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Fri Mar 16, 2018, 09:38 PM

Drones Are Watching: Railroad Irks Workers With Unmanned Aircraft

Drones Are Watching: Railroad Irks Workers With Unmanned Aircraft

Workers say drones are a distraction; the railroad says the program will coach employees in correcting behaviors that could cause serious injury

By Paul Ziobro

Updated March 14, 2018 9:57 a.m. ET

Union Pacific Corp. UNP 0.66% riled employees recently when it started flying drones over some of its railroad yards to ensure workers were following safety guidelines. ... The aerial spotters were looking for any number of behaviors that deviate from the railroad’s rule book, from passing between railcars that are less than 100 feet apart to climbing off moving equipment.

The response from the railroad workers’ union? Urging the rank and file to flood Union Pacific’s safety hotline with complaints that the drones make their jobs more dangerous. ... Workers say that rather than promote safety, the drones create a hazard by distracting them when they should be laser-focused while around 200-ton locomotives and railcars moving along the tracks, according to Steve Simpson, general chairperson with the International Association of Sheet Metal, Air, Rail and Transportation Workers. “They are no longer looking ahead or at their task at hand,” he said. “They’re looking up.”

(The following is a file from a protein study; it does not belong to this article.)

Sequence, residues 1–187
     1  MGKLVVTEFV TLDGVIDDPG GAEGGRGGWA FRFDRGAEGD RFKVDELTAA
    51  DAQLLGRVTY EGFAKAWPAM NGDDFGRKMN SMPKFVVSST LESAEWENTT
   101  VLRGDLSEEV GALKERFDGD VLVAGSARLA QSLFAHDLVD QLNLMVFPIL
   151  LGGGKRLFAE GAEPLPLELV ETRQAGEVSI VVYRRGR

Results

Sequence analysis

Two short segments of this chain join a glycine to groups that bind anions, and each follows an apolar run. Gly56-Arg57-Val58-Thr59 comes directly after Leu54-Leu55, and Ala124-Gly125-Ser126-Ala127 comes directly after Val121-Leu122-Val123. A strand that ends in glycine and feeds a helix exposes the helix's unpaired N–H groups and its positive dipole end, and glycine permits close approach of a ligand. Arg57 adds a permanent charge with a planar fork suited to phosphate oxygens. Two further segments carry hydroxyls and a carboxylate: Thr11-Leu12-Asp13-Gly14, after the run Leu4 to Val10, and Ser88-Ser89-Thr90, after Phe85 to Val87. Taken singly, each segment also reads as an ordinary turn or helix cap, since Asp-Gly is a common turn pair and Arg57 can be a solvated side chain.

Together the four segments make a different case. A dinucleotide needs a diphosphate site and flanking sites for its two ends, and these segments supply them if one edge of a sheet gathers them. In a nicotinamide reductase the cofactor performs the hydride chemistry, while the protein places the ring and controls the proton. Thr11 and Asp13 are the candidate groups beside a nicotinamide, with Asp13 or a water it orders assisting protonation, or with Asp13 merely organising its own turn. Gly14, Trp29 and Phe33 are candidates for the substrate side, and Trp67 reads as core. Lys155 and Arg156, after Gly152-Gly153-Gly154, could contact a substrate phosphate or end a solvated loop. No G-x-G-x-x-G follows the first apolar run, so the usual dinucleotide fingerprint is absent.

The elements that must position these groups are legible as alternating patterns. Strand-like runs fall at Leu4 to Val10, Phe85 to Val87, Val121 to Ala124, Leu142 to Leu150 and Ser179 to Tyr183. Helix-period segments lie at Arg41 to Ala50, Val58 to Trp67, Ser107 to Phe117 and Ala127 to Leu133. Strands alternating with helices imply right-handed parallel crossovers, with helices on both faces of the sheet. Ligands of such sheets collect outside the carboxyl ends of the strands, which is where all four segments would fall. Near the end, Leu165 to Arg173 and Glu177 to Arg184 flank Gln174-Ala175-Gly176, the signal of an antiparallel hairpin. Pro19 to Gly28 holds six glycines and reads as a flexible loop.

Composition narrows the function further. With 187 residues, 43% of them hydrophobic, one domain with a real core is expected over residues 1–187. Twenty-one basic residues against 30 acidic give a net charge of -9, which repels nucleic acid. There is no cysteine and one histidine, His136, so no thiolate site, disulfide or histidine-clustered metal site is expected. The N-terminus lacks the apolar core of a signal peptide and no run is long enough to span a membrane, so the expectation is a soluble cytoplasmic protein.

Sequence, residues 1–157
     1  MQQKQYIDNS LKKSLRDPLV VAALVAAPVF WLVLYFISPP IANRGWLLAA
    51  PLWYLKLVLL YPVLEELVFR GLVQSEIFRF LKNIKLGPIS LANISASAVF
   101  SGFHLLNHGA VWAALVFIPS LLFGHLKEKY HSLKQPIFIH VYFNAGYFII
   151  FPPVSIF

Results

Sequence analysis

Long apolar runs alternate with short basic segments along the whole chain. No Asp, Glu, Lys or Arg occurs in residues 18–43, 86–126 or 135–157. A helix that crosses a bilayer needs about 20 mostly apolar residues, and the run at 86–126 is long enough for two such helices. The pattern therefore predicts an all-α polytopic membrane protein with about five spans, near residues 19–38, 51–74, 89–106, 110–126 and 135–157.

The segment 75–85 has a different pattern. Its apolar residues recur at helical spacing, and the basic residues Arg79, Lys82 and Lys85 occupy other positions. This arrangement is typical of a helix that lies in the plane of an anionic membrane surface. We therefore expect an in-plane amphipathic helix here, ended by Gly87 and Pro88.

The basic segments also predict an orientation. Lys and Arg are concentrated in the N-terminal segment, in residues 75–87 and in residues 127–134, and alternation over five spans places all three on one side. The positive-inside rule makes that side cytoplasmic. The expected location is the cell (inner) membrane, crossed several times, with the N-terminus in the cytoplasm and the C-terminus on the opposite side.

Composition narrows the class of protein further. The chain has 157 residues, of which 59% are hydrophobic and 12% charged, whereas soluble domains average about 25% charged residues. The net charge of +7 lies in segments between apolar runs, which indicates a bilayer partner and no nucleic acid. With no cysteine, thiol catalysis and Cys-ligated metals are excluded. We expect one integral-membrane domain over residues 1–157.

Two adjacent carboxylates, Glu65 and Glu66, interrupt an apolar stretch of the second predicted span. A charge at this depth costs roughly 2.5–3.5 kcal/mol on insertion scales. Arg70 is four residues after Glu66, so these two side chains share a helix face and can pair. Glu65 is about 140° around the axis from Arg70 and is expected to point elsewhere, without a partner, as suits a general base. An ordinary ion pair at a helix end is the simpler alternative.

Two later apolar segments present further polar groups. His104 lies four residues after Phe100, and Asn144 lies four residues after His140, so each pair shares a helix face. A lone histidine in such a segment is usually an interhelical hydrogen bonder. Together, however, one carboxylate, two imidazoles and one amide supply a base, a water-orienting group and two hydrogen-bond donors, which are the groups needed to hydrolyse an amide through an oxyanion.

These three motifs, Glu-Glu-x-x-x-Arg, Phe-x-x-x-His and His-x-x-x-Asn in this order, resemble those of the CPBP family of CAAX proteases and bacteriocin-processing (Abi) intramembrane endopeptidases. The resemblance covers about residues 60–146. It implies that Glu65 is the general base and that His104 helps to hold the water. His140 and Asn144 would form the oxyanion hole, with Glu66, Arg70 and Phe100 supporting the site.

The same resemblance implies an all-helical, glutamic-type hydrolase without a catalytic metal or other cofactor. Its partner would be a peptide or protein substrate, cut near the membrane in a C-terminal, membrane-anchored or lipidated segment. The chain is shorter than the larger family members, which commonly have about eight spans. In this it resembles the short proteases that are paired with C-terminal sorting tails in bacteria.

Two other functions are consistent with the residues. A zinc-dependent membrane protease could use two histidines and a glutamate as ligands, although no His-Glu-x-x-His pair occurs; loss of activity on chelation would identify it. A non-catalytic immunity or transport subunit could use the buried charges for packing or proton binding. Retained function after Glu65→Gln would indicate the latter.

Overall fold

Drone use is still in its infancy in the railroad industry. Companies have sought to incorporate it into operations to inspect bridges and track, assess damage after natural disasters and map their networks. Other proposed or active uses have included spotting trespassers, air-quality tests and aerial photography. .... Berkshire Hathaway Inc.’s BNSF railroad, which, like Union Pacific, operates in the Western U.S., has worked closely with the FAA to find ways to incorporate drones into its operations. After obtaining waivers to fly drones outside the line of sight of their operators, BNSF in 2015 flew an unmanned, fixed-wing aircraft over 270 miles in New Mexico to inspect tracks. The railroad said it was the first commercially operated drone to fly beyond its pilot’s line of sight within the lower 48 states. ... Since then, BNSF has received permission to conduct tests on more than 2,000 miles of track, including at night.

Norfolk Southern Corp. uses drones only for bridge inspections, a spokeswoman said. CSX uses the aircraft to monitor its rail network, collect data and conduct security checks. Drones also have been used as part of installing so-called positive train control, a new, federally mandated safety system, a spokesman said. ... Union Pacific first received FAA approval to use drones in 2015. It now has 126 employees on staff certified to fly them and has used them to inspect bridges and flood damage, among other uses. Union Pacific plans to have as many as 250 trained drone pilots by the end of 2018 and is also looking into self-flying drones.
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Write to Paul Ziobro at Paul.Ziobro@wsj.com

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Reply Drones Are Watching: Railroad Irks Workers With Unmanned Aircraft (Original post)
mahatmakanejeeves Mar 2018 OP
elleng Mar 2018 #1

Response to mahatmakanejeeves (Original post)

Fri Mar 16, 2018, 09:51 PM

1. SURE will coach employees in correcting behaviors that could cause serious injury!!!

Employees must LOVE it!

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